REBIRTH BRASS BAND / “Do Whatcha Wanna (Part 3)”


This entry was posted on Saturday, October 6th, 2007 at 11:50 pm and is filed under Classic. You can follow any responses to this entry through the RSS 2.0 feed. You can leave a response, or trackback from your own site.


8 Responses to “REBIRTH BRASS BAND / “Do Whatcha Wanna (Part 3)””

Michael Says:
October 7th, 2007 at 6:54 am

brought tears to my eye…


catherine Says:
October 7th, 2007 at 7:26 am

I’ve never had such a strong sense for how the mood, the feel, the imagination of the city has changed than I’ve had while reading the comments on that article.


ajani Says:
October 7th, 2007 at 8:08 am

it is cultural genocide! and it’s too damned sad


WodaabeMan Says:
October 8th, 2007 at 3:23 am

Asante sana Kalamu for sharing this insightful piece on what is happening, once again, to destroy or at least control, the free flow of African culture. Anthropologically, Second Lining is the heart, soul and cultural essence of Black New Orleans and if you kill it or otherwise constrain its free expression, you kill a people. Getting permits for Second Lines cunjures up the same type of cultural oppression that attempted to crush the creative genius of Monk, Eric Dolphy, Mingus and many other through the use of cabaret cards in New York. I say keep playing the music and keep it strong!


Russ Says:
October 8th, 2007 at 10:36 pm

This whole thing sucks in so many ways…the assumption that any gathering of black people will be a riot of drugs and violence…the violation of freedom of assembly…the assumption that it was some white newcomer’s complaint that caused NOPD to over-react…the fact that NOPD over-reacted yet again…. Ray Nagin supposedly grew up in Treme. He should be out there second lining until people get it. Disney World is in Florida.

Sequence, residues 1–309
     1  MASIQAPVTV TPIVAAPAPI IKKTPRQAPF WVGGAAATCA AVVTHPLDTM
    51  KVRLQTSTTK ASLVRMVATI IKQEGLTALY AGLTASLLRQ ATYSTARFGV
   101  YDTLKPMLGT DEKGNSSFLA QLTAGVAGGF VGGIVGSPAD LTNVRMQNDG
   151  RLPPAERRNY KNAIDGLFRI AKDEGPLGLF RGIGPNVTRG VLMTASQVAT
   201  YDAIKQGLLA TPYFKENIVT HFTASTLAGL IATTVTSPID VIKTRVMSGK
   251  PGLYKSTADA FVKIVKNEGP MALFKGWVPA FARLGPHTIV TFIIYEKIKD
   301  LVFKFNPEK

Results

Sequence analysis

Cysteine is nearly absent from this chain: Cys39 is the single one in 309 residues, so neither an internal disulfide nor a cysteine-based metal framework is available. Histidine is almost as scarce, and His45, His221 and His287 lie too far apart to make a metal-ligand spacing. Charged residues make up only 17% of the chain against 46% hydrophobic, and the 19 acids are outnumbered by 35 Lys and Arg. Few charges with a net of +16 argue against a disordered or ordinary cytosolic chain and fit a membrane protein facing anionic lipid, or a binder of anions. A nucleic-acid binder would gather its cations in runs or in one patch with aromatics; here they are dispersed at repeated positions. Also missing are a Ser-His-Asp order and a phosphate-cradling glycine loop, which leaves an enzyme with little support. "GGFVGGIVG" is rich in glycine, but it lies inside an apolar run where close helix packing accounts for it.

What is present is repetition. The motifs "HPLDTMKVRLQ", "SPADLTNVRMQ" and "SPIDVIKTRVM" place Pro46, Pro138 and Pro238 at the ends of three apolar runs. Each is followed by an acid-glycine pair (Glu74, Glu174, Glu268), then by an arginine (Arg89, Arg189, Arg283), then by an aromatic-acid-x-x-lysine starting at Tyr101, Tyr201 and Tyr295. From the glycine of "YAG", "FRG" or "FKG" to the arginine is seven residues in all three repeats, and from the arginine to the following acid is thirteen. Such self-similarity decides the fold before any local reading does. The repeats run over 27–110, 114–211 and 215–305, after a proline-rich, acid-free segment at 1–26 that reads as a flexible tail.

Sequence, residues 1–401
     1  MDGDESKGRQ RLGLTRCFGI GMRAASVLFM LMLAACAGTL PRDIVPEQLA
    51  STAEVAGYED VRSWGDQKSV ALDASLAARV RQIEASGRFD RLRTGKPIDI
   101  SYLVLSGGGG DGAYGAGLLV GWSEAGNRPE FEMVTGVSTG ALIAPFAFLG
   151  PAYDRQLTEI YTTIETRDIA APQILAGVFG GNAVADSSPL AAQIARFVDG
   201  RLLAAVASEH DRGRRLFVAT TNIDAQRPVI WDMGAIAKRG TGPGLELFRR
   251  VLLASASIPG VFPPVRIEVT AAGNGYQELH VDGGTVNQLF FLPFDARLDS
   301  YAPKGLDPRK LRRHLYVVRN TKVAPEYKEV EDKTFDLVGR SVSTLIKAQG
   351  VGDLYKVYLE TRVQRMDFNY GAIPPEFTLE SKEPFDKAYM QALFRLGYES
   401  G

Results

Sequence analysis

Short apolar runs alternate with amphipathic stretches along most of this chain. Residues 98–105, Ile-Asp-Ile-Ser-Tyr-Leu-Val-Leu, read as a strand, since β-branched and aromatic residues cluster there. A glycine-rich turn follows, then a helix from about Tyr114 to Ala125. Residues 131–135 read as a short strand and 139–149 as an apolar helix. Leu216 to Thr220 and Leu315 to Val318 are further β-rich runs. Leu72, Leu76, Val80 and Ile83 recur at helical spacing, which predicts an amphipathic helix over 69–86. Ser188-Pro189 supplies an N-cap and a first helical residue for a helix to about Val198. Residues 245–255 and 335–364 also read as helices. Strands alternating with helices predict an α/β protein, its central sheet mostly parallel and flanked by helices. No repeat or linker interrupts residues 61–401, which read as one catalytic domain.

kalamu sez         

chris rose, one of the most popular columnists for the times picayune, the daily n.o. newspaper, wrote an opinion on the secondline shutdown. among other things he said: "The day you need permission to beat a drum, shake a tambourine and stream hot air out of the fat end of the brass down in Treme is the day the music dies."

read his entire column here.


The Magnificent Goldberg Says:
October 9th, 2007 at 7:03 am

So I’ve heard the Rebirth before. I’ve got some tracks they guested on in a Maceo album. But, though I meant to, I never did get around to exploring their music. So thanks Kalamu. This is nice. As ever, this kind of music reminds me of traditional street Mbalax in Dakar, Senegal.
And “Feel like funkin’ it up” reminds me big time of Bill Doggett’s “Hold it”.

MUST get some Rebirth.

MG


The Magnificent Goldberg Says:
October 9th, 2007 at 7:16 am

PS Forgot to say how much I liked it that the rhythm on theses cuts was so much looser than on the Maceo album.

MG


Kiini Ibura Says:
October 11th, 2007 at 11:54 am

You know, I saw Soul Rebels at Summerstage in Central Park this summer. I was very excited to hear them and they sounded great. Halfway through the set I turned to my friends–also New Orleanians–and asked them if they thought Soul Rebels were going to play any classics. By classics, of course, I meant big songs from when I was in high school. Specifically I wanted to hear “It Ain’t My Fault” and, you guessed it, “Do What You Wanna.” For the rest of the concert we screamed the names of those tunes in vain. They didn’t play those classics. As the concert went on, they veered away from tradition and played top 40 hits and a few rock songs. They were playing crossover tunes, I guess, maybe not realizing that a few exiles and expats were in the audience jonesing for a little nostalgia.

Now that y’all gone and done gave me what I was asking for, Imma download it tonight! thanks.


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